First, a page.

What happened in Serbia with England's under-21s last night was disgusting, but Danny Rose cannot complain about getting sent off in the melee afterwards.
Danny had managed to keep his head during 90 minutes of racial abuse from the Serbian fans, so I just don't understand why he felt the need to kick the ball into the crowd as players and staff jostled on the pitch afterwards.
As a first generation black player in Europe, I suffered all kinds of horrendous abuse as a player - and not just abroad, where you expect it, but at home.
Elland Road was probably the worst for it, they would sing "there ain't no black in the Union Jack", but I'd get it all over Yorkshire and the North West in particular, with Bolton and Barnsley pretty bad.
The best and only way to respond is to keep your head down, play your game, and ideally win — so you can look the sheep in the eyes afterwards, knowing they are cowards and hypocrites. Those same people would walk past you in Leeds while shopping on a Saturday and they wouldn't even look at you — they're not racist in their daily lives but become sheep-like morons at the football, and that is just hypocrisy.
What was frustrating about Danny's reaction is that he had done just what you want of him — England had beaten Serbia to qualify for the European under-21 finals. All he needed to do was celebrate with his team-mates and smile down the idiots in the crowd.
I would advise any black or Asian player — or indeed anyone who faces prejudice like that — to block it out during the match, to respond on the pitch and save the complaints for the official channels afterwards. For some reason, players nowadays find it acceptable to react to fan abuse with gestures on the pitch, to take to Twitter, to mouth off at all and sundry. While abuse is unwarranted and should be punished, professionals are paid to keep their heads and should do so on the pitch. For some reason nowadays, they think they are above that, which has to stop.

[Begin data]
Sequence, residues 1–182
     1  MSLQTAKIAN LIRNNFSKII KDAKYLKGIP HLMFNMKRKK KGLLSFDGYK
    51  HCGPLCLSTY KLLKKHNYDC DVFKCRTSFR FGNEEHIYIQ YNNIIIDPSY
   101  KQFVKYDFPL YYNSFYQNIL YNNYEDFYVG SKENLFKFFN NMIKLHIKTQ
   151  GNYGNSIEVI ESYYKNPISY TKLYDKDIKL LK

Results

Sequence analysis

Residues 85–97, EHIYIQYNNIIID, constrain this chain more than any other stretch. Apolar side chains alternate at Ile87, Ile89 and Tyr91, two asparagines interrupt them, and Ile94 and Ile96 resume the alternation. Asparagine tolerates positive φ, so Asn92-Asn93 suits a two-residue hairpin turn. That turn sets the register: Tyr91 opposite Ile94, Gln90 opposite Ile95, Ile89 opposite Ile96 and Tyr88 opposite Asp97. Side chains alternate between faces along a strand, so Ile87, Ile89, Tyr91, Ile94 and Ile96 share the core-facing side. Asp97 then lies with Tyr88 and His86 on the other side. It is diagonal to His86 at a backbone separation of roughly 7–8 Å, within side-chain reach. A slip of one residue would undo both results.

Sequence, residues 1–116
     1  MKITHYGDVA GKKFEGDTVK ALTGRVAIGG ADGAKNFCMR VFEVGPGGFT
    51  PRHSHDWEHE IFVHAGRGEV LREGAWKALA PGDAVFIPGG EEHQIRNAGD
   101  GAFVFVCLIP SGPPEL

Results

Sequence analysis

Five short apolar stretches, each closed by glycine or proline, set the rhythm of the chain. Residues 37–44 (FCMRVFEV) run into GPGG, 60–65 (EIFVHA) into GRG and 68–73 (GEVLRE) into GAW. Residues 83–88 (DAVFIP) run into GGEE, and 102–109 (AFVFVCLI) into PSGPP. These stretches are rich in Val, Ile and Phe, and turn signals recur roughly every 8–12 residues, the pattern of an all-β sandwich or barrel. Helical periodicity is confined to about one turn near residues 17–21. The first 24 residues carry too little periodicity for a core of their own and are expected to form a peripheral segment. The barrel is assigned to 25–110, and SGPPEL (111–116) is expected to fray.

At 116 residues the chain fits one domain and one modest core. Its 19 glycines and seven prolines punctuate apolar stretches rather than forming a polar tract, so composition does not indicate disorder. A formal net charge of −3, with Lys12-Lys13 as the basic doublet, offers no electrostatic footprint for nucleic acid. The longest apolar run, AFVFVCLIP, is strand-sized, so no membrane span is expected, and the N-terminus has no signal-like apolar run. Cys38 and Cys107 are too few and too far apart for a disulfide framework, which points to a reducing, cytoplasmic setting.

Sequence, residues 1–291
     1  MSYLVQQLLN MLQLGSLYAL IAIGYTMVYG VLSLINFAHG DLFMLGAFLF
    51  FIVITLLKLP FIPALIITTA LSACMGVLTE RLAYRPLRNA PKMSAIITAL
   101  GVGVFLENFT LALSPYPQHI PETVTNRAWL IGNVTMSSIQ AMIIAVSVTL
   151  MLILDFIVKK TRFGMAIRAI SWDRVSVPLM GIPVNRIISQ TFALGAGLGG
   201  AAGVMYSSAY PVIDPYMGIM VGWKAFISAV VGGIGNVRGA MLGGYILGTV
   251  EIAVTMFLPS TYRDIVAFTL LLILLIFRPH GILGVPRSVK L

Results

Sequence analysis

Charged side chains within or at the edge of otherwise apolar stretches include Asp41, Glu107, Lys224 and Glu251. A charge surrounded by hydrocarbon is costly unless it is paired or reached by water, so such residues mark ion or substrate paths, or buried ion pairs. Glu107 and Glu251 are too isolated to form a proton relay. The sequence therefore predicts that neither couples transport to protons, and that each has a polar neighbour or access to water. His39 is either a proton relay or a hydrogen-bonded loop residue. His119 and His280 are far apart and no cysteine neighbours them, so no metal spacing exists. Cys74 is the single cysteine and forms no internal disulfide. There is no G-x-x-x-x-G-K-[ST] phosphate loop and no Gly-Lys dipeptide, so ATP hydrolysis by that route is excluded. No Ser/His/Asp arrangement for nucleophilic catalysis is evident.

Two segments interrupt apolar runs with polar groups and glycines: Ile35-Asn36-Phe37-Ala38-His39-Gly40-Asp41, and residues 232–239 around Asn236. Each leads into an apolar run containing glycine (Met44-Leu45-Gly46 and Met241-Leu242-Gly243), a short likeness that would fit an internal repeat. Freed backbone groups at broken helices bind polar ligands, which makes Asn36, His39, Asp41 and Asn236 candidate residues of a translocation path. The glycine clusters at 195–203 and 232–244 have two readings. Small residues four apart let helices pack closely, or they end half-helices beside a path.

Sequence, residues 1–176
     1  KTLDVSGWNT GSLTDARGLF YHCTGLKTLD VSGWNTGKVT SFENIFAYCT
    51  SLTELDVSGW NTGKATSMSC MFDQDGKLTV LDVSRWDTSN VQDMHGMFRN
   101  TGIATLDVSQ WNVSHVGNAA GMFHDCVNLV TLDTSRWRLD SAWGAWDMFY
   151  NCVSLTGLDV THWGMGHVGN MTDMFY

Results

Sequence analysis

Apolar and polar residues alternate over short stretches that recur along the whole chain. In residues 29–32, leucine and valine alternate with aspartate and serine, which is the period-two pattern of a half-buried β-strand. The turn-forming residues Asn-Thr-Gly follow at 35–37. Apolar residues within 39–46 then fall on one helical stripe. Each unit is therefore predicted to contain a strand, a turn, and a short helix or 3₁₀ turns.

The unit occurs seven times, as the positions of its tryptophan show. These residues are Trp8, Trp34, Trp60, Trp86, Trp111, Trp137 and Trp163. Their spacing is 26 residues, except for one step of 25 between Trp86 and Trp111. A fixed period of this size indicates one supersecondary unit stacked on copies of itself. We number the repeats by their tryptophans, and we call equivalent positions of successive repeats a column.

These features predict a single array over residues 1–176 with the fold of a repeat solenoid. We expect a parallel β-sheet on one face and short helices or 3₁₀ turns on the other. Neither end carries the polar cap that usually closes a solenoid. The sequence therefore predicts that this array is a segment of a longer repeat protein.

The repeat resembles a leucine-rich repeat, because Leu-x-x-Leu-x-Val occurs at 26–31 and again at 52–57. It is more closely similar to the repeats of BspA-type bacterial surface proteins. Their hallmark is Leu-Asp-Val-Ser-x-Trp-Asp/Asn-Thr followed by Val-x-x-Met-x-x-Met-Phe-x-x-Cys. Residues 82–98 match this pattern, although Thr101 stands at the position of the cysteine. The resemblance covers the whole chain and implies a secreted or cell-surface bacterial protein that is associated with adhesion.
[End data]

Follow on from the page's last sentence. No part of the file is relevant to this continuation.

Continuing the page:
Keep your dignity - that's the most infuriating thing you can do to the abusers.
I read an article before the match which quoted Stuart Pearce as saying there would be nothing to worry about in Serbia. I wondered where he was coming from as I always thought he lived in the real world.
The match was always going to be a flashpoint, regardless of whether England's team have black players or not — that is merely an additional factor.
We have seen it time and time again, some Serbian fans love to fight and cause trouble even when their teams aren't losing, at both club and international level.
That England has black players simply added fuel to their fire — and allowed England to get wound up when ordinarily they would just ignore the aggro.
The reason I point out Pearce — and England's — naivety before the game is that they should have expected trouble, and planned accordingly.
England U21 player Danny Rose was sent off after reacting to racial abuse from Serbia …While Connor Wickham has probably never scored a more important goal, he would have been well advised to celebrate more discretely; Danny and England's other black players should have been advised to keep cool if racially provoked and leave it for the UEFA report afterwards; the whole team should have been advised to leave the pitch immediately after the whistle and have their fun in the dressing room.
That doesn't mean what happened is right - it clearly wasn't - but England need to be more streetwise.
UEFA MUST HIT SERBS WHERE IT HURTS
None of the above detracts from the fact that Serbia should be punished heavily for this. The cynic in me fears they will not, that Michel Platini will cock a deaf ear to last night's incidents and slap their wrists with a fine.
He made a rod for his own back on this particular subject as, last year, he said the Serbs would be banned if they stepped out of line — but then he said the same about Croatia and they only got a fine for their fans' behaviour at the Euros.
Everyone's had their say on this, with Paul Ince understandably reacting badly given his son Tom was involved — I don't think his suggestion of a five-tournament, 10-year ban could work though. The courts may have something to say about it for a start as there is no precedence and it could be seen as a restraint of trade, but I think we have to start talking in tournament and stadium bans.
I would recommend a one-tournament ban for the U21s, extending to the next qualification round. They should be barred from competing for two years at a competitive level, and I think this would be a suitable deterrent both for that group of players — whose behaviour after the whistle was unacceptable — and the fans who were present last night.
Secondly, I would force the senior national team to play three matches behind closed doors as the incidents on Tuesday night showed that the Serbian FA has not handled the racism and hooliganism problem as it promised, and that its stadia are not secure.
It would be unfair to kick out the senior team as they and their direct supporters were not involved — they were too busy losing to Macedonia — but a stadium ban would deprive the Serbian FA of income, and remind the wider Serbian football public that they must get their house in order.